The unidentified man died of pneumonia last week in Tift County after contracting the flu.

"This is our first flu related death that we have had in South Georgia in this flu season," says Courtney Sheeley, Public Information Officer for South Health District.. "Which we normally see run anywhere from about September to May. We do see the peak normally in late January and February, so we are really encouraging people to go ahead and get their flu vaccine if they have not gotten it yet."

The death is the first for South Georgia, but the ninth for the state this flu season.

The Center For Disease Control recommends that anyone over six months old get a flu vaccination each year.

"Unless you have an allergy to eggs or something like that, then they encourage you to get this," says Sheeley. "It's a safe vaccine. It's been proven to be safe, so we highly encourage you to get it. It's the best way to prevent getting the flu each year."

Sheeley says it is important to remember that anyone is susceptible to the flu.

"Just because you've never gotten it in your lifetime, or you did not get it last year, you can get it at any time, and the thing that we fear is it turning in to more complications, which can lead to death."

Those with a fear of needles have no excuse for avoiding the flu vaccination. Flu mist is also available and is administered through a nasal spray.


News Release: Georgia Department of Human Services

Valdosta - The Georgia Department of Public Health (DPH) has confirmed one flu-related death in South Georgia. This is the first confirmed flu-related death in South Georgia this flu season; however, there have been nine flu-related deaths in other parts of Georgia. The local death was an adult.

DPH is reporting increases in flu activity statewide; however, the increase is normal for this time of the year, according to Dr. Cherie Drenzek, DPH State Epidemiologist. H1N1 appears to be the predominant strain but that is also one of the strains in this year’s vaccine.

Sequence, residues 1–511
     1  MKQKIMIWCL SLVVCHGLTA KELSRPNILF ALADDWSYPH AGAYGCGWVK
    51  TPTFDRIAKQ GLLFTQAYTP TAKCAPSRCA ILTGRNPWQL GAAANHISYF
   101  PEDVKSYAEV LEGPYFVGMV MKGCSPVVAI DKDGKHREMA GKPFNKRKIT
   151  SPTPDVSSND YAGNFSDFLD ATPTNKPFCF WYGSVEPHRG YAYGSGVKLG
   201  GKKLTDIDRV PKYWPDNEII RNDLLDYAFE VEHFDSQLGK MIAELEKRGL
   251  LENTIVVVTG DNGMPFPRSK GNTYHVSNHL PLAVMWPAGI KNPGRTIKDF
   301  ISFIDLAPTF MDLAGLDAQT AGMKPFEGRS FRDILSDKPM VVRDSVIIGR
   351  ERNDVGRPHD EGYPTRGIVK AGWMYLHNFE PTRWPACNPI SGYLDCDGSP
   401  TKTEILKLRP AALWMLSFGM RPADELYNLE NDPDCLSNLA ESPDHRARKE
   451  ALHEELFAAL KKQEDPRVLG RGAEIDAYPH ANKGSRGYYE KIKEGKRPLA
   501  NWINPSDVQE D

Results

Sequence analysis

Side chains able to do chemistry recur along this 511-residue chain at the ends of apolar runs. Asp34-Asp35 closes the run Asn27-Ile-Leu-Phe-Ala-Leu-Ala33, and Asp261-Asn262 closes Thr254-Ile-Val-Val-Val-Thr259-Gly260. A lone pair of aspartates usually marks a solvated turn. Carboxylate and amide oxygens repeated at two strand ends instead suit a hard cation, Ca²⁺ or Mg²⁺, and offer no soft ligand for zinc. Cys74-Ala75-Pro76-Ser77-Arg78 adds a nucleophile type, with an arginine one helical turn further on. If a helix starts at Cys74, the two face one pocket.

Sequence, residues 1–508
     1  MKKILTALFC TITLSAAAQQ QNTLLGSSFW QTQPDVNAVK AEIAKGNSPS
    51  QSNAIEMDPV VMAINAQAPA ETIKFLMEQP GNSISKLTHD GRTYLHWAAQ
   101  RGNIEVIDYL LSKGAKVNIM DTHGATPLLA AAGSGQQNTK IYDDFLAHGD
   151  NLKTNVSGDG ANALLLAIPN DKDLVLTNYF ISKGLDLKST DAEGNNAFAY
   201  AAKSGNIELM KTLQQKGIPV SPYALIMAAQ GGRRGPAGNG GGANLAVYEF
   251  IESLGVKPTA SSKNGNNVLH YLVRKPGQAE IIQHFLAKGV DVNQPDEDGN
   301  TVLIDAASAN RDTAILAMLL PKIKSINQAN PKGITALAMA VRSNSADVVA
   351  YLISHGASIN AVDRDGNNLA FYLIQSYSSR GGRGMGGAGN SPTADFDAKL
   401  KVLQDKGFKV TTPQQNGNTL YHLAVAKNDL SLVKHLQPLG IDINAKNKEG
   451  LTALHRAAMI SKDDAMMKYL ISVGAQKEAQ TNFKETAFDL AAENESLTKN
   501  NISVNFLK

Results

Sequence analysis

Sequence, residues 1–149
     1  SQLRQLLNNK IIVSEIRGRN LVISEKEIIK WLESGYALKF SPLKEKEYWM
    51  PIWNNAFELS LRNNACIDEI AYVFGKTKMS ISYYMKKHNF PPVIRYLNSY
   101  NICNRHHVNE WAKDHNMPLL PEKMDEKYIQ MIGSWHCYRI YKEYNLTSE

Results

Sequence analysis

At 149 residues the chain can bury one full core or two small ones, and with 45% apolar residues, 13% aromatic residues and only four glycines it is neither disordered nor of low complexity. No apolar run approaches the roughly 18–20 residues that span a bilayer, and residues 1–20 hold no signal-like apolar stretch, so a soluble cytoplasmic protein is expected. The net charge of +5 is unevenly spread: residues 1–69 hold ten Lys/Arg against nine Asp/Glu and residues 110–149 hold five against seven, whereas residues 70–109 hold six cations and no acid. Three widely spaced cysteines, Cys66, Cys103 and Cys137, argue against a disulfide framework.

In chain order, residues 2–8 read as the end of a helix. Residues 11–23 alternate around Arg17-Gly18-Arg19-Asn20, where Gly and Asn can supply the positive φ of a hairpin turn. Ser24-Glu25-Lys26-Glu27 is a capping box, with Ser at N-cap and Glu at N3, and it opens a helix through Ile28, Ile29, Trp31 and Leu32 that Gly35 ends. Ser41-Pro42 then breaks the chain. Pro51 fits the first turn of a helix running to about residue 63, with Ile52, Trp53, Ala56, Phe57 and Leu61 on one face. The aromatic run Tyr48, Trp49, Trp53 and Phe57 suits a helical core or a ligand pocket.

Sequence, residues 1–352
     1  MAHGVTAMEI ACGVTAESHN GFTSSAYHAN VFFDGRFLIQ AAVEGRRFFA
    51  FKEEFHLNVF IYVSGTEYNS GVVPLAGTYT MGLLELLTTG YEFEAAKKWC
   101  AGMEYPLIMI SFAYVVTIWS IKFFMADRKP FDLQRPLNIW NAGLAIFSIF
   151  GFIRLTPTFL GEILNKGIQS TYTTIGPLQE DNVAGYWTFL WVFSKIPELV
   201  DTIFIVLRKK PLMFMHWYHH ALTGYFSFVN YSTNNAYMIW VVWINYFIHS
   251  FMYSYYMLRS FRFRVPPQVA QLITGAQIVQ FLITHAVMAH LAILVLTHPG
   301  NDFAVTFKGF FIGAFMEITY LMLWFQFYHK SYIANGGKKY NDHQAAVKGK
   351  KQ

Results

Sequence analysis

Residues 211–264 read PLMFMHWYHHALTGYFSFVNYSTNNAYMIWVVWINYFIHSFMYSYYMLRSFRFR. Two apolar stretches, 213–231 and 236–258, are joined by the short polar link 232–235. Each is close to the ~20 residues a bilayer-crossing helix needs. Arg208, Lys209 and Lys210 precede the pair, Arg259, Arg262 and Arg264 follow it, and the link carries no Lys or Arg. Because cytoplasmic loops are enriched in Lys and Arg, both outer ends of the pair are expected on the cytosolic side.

Symptoms of the flu include cough, runny nose, sore throat and fever.
One of the most pronounced flu symptoms is an overall feeling of achiness and discomfort that comes on quickly.

“The most effective way to prevent the flu is getting your flu vaccine each year,” highlights Dr. William Grow, District Health Director. “It’s not too late to get your flu vaccine at any of our health departments, many local pharmacies or your doctor’s office.”

Frequent and thorough hand washing also will help guard against the flu. Alcohol based gels are the next best thing if there is no access to soap and water. Cover the nose and mouth when coughing and sneezing to help prevent the spread of the flu. Use a tissue or cough or sneeze into the crook of the elbow or arm. Avoid touching your face as flu germs can get into the body through mucus membranes of the nose, mouth and eyes.
If you are sick, stay home from school or work. Flu sufferers should be free of a fever without the use of a fever reducer for at least 24 hours before returning to work or school.

Peak flu season is usually the end of January and runs through late February or early March. It is important to take preventative measures now to minimize the effects of the flu and stay healthy this flu season.